What will Spain look like in 50 years?

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As you may know, my maternal grandfather was born in Asturias and came to Cuba with his brothers in the 1920’s.  My other 3 grandparents were born in Cuba but they were the offspring of the many Spanish immigrants who settled the island.    In other words, I’ve always had a special love for Spain and those traditions, specially Navidad, that I grew up with. 

Over in Spain, they are trying to form a governing coalition.   They call it a triumph but time will tell. 

However, putting together a government may be the least of Spain’s worries. 

We are witnessing the change of a country and continent.

The statistics are stunning:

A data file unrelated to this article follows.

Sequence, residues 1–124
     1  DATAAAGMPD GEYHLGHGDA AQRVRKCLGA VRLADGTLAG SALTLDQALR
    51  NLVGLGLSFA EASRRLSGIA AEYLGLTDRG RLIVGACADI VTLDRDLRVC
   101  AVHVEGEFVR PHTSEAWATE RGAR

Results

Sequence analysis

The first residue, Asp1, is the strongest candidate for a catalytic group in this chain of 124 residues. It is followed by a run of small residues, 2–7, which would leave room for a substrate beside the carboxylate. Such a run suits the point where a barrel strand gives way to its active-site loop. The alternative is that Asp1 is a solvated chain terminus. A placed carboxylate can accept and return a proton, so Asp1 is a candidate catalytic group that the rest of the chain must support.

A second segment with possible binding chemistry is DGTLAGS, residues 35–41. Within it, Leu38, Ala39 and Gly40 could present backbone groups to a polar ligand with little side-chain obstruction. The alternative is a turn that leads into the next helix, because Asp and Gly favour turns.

The figures from the National Institute of Statistics showed that the number of babies born in Spain last year was 6.1 percent down on the previous year.

But the stand-out figure was that births in Spain have dropped by an eye-opening 40.7 percent over the last decade, according to the study titled The Natural Movement of the Population.

In 2018 there were 369,302 babies born in Spain, some 23,879 fewer than in 2017.

In the same year there were 426,053 deaths recorded in Spain, which was a slight rise (0.4 percent) on 2017.

Those figures meant the Spanish population had dropped for the fourth consecutive quarter.

In other words Spain has 56,262 fewer citizens than it did 12 months ago.

 Why does it matter?   Why do we care about birth rates?    

The answer is that babies are the future and the ones who will carry the culture forward.    At these rates, are we confident that it will be Spain in 50 years?  Who is going to stand up for its history or even language?    

PS: You can listen to my show (Canto Talk) and follow me on Twitter.